CNF Satisfiability in a Subspace and Related Problems

Authors Vikraman Arvind, Venkatesan Guruswami

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Vikraman Arvind
  • The Institute of Mathematical Sciences (HBNI), Chennai, India
Venkatesan Guruswami
  • Computer Science Department, Carnegie Mellon University, Pittsburgh, PA, USA


We thank anonymous reviewers for useful comments and pointers to the literature.

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Vikraman Arvind and Venkatesan Guruswami. CNF Satisfiability in a Subspace and Related Problems. In 16th International Symposium on Parameterized and Exact Computation (IPEC 2021). Leibniz International Proceedings in Informatics (LIPIcs), Volume 214, pp. 5:1-5:15, Schloss Dagstuhl – Leibniz-Zentrum für Informatik (2021)


We introduce the problem of finding a satisfying assignment to a CNF formula that must further belong to a prescribed input subspace. Equivalent formulations of the problem include finding a point outside a union of subspaces (the Union-of-Subspace Avoidance (USA) problem), and finding a common zero of a system of polynomials over 𝔽₂ each of which is a product of affine forms. We focus on the case of k-CNF formulas (the k-Sub-Sat problem). Clearly, k-Sub-Sat is no easier than k-SAT, and might be harder. Indeed, via simple reductions we show that 2-Sub-Sat is NP-hard, and W[1]-hard when parameterized by the co-dimension of the subspace. We also prove that the optimization version Max-2-Sub-Sat is NP-hard to approximate better than the trivial 3/4 ratio even on satisfiable instances. On the algorithmic front, we investigate fast exponential algorithms which give non-trivial savings over brute-force algorithms. We give a simple branching algorithm with running time (1.5)^r for 2-Sub-Sat, where r is the subspace dimension, as well as an O^*(1.4312)ⁿ time algorithm where n is the number of variables. Turning to k-Sub-Sat for k ⩾ 3, while known algorithms for solving a system of degree k polynomial equations already imply a solution with running time ≈ 2^{r(1-1/2k)}, we explore a more combinatorial approach. Based on an analysis of critical variables (a key notion underlying the randomized k-SAT algorithm of Paturi, Pudlak, and Zane), we give an algorithm with running time ≈ {n choose {⩽t}} 2^{n-n/k} where n is the number of variables and t is the co-dimension of the subspace. This improves upon the running time of the polynomial equations approach for small co-dimension. Our combinatorial approach also achieves polynomial space in contrast to the algebraic approach that uses exponential space. We also give a PPZ-style algorithm for k-Sub-Sat with running time ≈ 2^{n-n/2k}. This algorithm is in fact oblivious to the structure of the subspace, and extends when the subspace-membership constraint is replaced by any constraint for which partial satisfying assignments can be efficiently completed to a full satisfying assignment. Finally, for systems of O(n) polynomial equations in n variables over 𝔽₂, we give a fast exponential algorithm when each polynomial has bounded degree irreducible factors (but can otherwise have large degree) using a degree reduction trick.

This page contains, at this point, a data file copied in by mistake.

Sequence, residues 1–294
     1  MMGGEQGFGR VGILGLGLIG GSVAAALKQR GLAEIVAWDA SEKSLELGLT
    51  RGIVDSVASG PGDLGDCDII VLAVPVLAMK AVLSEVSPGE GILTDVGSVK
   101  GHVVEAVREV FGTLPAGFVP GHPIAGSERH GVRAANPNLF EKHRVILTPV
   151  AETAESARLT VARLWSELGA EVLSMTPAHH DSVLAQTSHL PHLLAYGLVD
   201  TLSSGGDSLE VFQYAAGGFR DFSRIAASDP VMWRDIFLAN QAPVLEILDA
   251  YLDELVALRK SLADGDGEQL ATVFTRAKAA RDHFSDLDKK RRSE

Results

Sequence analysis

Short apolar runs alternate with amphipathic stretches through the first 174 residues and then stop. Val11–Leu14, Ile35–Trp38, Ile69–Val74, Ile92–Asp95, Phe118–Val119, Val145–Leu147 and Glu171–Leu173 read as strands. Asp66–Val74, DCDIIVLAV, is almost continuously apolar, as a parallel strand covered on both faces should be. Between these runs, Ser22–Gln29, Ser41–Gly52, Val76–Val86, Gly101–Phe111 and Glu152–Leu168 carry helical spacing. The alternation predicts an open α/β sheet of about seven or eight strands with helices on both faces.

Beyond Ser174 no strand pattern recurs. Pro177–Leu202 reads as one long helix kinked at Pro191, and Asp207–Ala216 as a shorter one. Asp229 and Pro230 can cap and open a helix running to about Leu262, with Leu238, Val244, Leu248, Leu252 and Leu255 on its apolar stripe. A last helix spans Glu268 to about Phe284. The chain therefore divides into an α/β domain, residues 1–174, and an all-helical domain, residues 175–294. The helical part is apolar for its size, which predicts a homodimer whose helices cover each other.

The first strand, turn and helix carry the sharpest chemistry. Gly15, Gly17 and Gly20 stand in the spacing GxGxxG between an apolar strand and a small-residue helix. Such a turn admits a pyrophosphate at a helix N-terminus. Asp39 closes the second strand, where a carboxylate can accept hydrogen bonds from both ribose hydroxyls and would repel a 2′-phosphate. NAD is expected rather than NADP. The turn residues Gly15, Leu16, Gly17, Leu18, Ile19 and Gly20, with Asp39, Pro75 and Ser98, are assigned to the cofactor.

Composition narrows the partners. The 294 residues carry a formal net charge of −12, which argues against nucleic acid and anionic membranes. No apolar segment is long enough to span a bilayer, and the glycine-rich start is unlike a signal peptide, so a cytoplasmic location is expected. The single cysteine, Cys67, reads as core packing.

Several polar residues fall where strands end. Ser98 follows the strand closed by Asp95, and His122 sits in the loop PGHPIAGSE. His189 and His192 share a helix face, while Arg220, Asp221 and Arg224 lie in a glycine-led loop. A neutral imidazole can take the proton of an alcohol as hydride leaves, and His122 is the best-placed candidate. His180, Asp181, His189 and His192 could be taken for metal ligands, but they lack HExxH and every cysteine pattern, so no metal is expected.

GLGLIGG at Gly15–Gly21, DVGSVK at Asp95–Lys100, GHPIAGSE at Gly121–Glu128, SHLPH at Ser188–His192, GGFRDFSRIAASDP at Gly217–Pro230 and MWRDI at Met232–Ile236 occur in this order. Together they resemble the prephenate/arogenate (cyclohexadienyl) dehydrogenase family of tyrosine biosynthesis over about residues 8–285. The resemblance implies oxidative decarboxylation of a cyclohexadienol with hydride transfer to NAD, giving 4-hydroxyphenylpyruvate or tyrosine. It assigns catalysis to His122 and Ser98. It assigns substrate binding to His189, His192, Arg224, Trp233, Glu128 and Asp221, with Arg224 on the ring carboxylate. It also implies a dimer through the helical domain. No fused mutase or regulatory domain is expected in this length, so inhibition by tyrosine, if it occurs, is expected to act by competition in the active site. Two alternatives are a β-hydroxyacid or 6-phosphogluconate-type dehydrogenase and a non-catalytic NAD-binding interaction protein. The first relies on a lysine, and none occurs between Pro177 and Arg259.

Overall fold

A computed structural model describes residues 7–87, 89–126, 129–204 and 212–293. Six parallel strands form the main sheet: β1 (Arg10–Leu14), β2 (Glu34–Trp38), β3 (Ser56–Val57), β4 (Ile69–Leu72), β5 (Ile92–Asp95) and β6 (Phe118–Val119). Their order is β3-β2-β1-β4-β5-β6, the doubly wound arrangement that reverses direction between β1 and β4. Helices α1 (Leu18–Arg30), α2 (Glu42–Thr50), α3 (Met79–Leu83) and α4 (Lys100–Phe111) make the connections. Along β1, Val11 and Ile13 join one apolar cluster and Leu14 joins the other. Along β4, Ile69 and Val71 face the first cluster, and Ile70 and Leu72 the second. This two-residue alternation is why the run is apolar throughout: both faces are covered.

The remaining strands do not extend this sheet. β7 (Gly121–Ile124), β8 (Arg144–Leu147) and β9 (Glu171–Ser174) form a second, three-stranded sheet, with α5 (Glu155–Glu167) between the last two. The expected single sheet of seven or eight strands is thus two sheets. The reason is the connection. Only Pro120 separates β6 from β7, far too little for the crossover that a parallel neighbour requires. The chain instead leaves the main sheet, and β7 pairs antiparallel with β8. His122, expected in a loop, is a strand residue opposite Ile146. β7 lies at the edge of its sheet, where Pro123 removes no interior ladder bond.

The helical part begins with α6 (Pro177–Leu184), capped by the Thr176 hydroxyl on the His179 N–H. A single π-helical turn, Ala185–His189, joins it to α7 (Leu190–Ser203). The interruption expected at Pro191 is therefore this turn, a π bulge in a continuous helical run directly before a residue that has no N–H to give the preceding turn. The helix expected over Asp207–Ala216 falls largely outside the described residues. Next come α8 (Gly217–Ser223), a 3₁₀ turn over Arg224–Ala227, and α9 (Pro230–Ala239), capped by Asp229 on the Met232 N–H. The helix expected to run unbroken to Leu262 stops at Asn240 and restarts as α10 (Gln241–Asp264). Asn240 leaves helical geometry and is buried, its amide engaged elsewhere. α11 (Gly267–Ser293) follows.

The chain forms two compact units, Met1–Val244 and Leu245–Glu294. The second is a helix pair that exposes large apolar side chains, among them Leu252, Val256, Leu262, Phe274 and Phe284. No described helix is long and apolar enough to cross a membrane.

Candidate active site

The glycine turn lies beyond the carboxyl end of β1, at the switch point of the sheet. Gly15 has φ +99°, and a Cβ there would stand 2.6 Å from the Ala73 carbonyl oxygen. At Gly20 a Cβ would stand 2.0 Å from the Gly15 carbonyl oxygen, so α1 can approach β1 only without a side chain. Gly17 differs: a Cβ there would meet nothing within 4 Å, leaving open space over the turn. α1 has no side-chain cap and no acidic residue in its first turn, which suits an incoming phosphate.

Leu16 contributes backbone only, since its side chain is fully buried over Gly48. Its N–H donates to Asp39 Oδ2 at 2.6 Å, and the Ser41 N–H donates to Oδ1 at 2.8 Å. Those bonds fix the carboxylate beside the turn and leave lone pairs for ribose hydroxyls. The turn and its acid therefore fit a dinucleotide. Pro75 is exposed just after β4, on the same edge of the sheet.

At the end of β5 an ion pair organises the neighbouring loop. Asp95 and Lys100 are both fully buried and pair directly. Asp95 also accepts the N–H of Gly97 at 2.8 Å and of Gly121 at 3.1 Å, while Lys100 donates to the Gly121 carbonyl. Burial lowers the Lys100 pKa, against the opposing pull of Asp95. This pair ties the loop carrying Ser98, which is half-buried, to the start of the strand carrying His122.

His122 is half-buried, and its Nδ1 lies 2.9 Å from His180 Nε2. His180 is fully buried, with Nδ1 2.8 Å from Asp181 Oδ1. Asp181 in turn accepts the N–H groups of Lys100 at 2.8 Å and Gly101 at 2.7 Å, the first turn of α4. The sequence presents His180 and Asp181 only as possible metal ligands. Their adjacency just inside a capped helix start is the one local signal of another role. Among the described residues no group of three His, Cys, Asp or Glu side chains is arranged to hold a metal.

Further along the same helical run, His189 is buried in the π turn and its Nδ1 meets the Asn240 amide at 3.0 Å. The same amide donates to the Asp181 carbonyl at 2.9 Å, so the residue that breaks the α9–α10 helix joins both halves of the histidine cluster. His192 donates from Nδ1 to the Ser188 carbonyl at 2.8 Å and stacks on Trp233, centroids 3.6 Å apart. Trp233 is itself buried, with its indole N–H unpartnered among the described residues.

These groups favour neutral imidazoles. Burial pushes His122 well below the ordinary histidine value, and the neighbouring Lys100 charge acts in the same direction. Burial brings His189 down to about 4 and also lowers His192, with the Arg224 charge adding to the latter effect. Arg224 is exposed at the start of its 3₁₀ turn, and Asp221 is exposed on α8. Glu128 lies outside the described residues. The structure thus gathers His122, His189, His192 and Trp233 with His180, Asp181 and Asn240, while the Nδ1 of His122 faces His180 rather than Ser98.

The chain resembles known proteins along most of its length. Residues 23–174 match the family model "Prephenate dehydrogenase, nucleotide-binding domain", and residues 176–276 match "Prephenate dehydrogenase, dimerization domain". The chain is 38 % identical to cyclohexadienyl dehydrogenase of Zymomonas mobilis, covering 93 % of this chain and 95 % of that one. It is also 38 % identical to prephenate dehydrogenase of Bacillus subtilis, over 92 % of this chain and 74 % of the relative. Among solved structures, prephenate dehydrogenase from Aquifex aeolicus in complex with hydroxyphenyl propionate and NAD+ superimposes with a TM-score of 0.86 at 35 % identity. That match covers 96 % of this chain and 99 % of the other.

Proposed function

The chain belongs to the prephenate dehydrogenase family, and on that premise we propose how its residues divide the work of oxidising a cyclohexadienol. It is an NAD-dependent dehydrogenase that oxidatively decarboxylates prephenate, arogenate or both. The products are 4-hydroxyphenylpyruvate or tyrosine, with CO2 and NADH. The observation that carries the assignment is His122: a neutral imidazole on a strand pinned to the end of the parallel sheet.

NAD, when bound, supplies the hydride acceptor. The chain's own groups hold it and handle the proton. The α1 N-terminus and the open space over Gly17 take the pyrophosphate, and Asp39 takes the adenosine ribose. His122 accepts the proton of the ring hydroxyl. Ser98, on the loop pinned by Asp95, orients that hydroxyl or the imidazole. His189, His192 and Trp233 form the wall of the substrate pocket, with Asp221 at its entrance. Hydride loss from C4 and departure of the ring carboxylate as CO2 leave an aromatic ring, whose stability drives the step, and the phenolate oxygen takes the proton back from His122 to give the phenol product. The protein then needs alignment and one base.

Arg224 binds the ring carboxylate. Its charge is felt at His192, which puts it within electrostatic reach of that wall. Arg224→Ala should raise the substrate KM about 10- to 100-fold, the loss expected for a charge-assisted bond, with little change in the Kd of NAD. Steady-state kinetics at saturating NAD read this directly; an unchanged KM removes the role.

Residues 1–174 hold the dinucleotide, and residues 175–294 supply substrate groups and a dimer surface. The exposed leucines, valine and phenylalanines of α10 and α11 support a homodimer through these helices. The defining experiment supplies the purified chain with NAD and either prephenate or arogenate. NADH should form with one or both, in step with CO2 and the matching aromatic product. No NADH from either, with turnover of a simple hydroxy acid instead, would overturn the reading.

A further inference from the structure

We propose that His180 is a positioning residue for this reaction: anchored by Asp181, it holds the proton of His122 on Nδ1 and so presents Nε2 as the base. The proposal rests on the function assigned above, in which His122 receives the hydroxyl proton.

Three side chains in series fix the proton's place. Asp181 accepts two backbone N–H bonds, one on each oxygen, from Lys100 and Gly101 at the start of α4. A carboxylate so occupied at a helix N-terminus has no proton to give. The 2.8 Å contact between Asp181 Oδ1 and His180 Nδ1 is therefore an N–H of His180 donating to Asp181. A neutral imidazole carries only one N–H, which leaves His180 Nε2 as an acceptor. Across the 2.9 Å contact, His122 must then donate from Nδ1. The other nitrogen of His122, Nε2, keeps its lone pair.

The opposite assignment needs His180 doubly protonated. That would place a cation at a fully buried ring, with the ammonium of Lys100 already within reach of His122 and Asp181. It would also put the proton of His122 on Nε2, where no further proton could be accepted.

Subject Classification

ACM Subject Classification
  • Theory of computation → Parameterized complexity and exact algorithms
  • CNF Satisfiability
  • Exact exponential algorithms
  • Hardness results


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